What follows is a guest post from my good friend, Garry Adelman, who shares his thoughts about last week’s Gettysburg commemoration.
I had been looking forward to the Gettysburg 150th commemoration for years. I knew—all Civil War people knew–it would be a big deal. Some could not wait to go; some treated it like the plague. That is Gettysburg. Fascination with the place, and resentment about its status as the Civil War Mecca of sorts, date back to the war itself as Gettysburg increasingly took its place as the war’s best-known battlefield.
Being obsessed with Gettysburg, I try my best to take a historian’s look at the place I love—I don’t call it the most important battle in, or the turning point of, the Civil War. Pickett’s Charge was not the biggest, bloodiest, or most consequential attack of the war. But nonetheless, almost like a cliché, the Gettysburg Battlefield remains my favorite place—and not just among battlefields. It is my favorite place of any sort. So, I was all but certain to have a great week. And I did. Thing is, it was much, much more enjoyable, meaningful, cool and enlightening than I ever expected. In an adult life full of great Civil War experiences across the country, the Gettysburg 150 week topped them all. I am giddy as I write about it.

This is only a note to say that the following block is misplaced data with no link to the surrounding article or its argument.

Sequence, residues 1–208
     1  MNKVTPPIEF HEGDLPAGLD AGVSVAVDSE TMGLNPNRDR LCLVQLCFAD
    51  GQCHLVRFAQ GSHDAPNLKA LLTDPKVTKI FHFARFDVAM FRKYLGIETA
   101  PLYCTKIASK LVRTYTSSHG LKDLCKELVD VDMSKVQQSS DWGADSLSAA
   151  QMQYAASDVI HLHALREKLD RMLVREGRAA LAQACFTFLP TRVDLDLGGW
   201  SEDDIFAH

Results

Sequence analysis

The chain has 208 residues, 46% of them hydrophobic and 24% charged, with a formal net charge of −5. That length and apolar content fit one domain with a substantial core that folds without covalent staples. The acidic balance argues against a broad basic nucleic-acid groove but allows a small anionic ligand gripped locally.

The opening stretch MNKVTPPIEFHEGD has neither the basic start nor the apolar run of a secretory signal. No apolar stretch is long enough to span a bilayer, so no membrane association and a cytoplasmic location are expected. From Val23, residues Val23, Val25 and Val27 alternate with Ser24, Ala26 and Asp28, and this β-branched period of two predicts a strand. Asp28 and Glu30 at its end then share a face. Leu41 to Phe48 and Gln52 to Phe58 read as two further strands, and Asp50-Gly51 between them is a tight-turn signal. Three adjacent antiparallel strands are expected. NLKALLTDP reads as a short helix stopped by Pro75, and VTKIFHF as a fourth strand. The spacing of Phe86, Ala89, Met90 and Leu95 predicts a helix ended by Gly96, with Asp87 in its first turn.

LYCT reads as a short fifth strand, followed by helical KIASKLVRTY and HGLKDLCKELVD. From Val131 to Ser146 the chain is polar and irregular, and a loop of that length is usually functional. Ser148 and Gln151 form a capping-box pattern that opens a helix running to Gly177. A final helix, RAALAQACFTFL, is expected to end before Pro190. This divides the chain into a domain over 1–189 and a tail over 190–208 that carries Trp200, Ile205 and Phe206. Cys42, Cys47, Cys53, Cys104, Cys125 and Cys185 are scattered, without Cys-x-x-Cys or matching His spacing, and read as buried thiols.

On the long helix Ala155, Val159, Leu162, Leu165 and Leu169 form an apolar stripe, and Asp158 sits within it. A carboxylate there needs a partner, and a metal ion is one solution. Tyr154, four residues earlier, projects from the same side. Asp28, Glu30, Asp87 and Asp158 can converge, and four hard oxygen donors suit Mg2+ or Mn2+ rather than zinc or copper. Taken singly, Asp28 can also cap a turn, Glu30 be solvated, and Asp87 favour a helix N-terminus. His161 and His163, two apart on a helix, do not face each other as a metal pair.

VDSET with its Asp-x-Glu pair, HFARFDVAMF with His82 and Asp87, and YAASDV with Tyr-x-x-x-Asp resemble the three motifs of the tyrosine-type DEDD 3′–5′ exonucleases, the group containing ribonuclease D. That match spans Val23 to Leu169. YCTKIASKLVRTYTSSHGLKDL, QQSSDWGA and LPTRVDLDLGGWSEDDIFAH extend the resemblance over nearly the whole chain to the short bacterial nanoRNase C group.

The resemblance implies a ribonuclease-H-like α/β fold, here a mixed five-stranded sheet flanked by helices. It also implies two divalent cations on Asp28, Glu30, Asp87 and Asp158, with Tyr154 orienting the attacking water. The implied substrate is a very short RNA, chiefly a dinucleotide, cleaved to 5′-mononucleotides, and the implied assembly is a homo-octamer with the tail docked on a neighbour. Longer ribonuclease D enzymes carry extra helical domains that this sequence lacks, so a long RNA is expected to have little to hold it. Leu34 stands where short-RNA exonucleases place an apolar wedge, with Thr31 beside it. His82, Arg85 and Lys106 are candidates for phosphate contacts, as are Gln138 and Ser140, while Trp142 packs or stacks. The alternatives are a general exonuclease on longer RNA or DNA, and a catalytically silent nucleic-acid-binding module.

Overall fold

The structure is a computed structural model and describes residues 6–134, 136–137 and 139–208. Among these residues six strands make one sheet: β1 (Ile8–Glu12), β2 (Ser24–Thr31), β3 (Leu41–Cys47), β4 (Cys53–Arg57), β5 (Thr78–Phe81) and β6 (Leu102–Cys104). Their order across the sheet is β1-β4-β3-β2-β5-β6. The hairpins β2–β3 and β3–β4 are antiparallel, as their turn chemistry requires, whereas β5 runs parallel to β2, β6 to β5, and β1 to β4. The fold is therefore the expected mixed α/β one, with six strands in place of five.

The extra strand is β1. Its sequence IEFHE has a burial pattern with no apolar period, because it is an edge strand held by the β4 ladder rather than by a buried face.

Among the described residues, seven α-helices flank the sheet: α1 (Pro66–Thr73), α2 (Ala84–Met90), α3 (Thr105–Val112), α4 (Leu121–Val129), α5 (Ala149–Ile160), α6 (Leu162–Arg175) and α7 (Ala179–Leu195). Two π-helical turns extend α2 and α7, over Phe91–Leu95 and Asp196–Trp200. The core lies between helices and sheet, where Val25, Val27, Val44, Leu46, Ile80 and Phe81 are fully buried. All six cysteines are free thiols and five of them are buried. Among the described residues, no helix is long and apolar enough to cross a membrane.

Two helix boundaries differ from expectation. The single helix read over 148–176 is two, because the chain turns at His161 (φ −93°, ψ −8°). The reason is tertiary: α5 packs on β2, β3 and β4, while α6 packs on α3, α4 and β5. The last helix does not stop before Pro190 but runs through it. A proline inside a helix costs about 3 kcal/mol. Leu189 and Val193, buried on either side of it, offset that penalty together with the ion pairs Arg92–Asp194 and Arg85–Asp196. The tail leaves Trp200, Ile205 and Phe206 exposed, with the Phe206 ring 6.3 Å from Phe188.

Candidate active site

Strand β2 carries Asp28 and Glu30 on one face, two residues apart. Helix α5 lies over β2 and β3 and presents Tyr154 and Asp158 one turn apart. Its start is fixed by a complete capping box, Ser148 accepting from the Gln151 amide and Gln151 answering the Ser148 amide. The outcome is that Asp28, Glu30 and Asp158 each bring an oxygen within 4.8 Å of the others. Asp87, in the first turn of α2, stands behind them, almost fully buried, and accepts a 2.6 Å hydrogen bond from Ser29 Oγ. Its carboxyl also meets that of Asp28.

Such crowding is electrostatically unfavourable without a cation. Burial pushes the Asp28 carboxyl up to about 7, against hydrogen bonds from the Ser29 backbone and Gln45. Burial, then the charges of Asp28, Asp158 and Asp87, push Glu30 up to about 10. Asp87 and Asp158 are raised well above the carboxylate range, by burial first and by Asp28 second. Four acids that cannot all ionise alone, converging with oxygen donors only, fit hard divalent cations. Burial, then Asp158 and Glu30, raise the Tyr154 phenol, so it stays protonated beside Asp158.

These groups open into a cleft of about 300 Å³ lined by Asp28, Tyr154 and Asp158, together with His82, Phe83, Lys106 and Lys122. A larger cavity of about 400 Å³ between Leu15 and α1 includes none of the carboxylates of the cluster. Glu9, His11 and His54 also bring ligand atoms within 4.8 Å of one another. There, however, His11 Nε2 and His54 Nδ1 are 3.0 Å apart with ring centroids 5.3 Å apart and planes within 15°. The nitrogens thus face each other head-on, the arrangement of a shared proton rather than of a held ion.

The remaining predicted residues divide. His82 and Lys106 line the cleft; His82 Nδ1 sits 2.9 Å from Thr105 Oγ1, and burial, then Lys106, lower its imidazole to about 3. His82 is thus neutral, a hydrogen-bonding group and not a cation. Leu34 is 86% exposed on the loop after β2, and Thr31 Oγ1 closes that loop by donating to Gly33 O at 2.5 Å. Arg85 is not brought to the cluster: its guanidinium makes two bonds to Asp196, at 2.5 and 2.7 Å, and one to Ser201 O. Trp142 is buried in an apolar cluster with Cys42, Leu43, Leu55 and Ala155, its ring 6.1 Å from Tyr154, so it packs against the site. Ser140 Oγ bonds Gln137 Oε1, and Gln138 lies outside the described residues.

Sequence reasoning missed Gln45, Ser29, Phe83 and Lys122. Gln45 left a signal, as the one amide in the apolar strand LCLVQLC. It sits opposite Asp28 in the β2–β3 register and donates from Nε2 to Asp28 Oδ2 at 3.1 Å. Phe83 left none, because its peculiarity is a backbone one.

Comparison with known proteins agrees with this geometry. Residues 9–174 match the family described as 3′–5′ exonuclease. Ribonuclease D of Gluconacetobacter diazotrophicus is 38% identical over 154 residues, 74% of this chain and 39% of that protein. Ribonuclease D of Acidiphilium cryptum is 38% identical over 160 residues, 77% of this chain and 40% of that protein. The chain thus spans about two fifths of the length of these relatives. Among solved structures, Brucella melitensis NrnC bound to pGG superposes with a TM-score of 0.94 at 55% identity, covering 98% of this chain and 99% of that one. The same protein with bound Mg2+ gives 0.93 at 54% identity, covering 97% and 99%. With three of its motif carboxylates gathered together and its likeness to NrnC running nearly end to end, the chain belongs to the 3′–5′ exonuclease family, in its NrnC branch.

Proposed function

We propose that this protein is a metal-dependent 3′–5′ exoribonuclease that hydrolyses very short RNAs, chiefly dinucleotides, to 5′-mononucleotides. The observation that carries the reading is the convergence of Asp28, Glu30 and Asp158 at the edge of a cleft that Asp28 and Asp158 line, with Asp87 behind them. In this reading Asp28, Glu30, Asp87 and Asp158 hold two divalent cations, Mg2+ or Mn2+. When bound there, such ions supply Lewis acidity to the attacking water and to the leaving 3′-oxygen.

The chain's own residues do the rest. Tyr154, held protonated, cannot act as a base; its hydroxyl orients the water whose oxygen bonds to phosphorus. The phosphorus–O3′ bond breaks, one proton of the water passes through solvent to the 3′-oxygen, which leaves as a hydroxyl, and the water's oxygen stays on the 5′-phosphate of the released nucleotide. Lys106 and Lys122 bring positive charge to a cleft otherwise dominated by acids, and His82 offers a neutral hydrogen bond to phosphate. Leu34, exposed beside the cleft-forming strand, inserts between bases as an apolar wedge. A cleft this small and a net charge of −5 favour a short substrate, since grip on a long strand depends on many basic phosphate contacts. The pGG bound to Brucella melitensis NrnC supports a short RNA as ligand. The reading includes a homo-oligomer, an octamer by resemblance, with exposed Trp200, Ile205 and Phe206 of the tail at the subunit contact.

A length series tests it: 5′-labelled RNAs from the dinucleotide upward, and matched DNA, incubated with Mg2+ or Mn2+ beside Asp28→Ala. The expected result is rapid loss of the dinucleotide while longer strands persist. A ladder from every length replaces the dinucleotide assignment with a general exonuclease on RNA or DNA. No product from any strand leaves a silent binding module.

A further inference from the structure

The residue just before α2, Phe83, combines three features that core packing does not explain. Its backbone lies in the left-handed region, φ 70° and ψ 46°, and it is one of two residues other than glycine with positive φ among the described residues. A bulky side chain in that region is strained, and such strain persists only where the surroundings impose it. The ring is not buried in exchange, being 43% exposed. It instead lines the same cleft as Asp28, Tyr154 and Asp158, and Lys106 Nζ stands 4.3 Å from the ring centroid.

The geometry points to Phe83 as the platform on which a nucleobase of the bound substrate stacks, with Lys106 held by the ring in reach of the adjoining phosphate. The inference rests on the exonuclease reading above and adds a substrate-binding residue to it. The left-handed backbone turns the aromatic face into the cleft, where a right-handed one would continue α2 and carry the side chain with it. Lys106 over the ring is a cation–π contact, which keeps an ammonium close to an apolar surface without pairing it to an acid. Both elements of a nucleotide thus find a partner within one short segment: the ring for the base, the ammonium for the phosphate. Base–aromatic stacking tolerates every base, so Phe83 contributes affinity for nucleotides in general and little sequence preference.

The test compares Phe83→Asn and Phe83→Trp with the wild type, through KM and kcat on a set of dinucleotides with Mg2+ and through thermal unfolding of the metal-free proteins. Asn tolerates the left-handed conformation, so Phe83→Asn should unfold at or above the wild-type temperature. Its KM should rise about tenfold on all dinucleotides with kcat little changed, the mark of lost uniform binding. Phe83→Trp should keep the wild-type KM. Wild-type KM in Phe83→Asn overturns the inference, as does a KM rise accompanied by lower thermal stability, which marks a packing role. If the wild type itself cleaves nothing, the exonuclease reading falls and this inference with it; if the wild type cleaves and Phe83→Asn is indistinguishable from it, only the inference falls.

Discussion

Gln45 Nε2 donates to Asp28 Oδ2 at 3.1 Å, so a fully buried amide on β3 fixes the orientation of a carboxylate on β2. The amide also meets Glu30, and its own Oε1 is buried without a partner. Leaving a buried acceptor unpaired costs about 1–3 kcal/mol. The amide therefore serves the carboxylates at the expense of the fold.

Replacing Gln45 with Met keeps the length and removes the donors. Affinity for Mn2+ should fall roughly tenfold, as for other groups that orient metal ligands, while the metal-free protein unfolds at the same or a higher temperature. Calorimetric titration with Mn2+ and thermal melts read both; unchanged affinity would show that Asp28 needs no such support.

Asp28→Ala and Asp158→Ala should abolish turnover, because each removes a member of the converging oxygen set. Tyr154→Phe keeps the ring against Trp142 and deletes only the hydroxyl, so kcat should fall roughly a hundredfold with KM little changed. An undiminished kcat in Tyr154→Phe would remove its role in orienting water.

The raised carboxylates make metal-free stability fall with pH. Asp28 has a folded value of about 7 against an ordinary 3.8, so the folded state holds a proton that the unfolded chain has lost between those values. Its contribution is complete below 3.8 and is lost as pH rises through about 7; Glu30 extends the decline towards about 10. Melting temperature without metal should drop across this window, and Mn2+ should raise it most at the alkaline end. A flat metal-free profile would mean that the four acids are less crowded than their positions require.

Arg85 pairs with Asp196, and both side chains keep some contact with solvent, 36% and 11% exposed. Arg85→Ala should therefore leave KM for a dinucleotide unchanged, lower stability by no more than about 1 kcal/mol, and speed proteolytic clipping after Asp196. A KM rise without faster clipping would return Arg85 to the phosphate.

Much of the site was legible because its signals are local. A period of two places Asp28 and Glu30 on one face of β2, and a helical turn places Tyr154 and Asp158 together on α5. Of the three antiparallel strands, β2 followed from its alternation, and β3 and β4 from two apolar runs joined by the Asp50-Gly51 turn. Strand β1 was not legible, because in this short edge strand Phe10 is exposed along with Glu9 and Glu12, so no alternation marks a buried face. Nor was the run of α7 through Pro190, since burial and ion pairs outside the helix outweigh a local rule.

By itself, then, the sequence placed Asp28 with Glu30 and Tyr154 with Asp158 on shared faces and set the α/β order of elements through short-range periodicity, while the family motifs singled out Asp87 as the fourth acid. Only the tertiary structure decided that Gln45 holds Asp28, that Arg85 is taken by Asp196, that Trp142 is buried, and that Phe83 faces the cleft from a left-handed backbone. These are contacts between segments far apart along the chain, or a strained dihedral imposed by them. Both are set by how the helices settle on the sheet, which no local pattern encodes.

This was by no means certain to happen. There was no promise that the National Park Service would plan and perform as well as it did. The weather did not have to cooperate. The people who came did not have to be so engaged. But in the same way that forces aligned in 1863 (biggest battle, first preserved, Gettysburg Address, near media centers) to make Gettysburg so famous, forces aligned again in 2013. The NPS, the Gettysburg Foundation, the weather, the historians, but most of all the nerds, buffs, enthusiasts and casual tourists—the visitors—conspired to make this thing special. Yes, I actually said it. Over the six days I was there, people were happy, pensive, and engaged. I have never seen anything like it in my 19 years as a Gettysburg guide or at any heritage destination. Tens of thousands crowded into an area, sometimes in pretty hot temperatures, not only enjoying themselves, but eager for more. They were everywhere–on NPS-sponsored tours, in far-off wooded places, touring on crowded roads, in town, at the Visitor Center. And they were interested. Satisfied. To be sure there were intolerable and clueless visitors, as always, but overwhelmingly, this was the exception.
Even better, visitors (hundreds and hundreds of whom were wearing Civil War Trust hats!) wanted to share their stories. They were anxious to talk about what they had just done, what tours they went on, who they saw, what it meant to them, what was next. This surprising aspect of the anniversary, which I saw at Antietam and other commemorations but not to this extent, was pervasive throughout the days I was there. And it just went on and on and the events maintained a high standard—to me they kept getting better.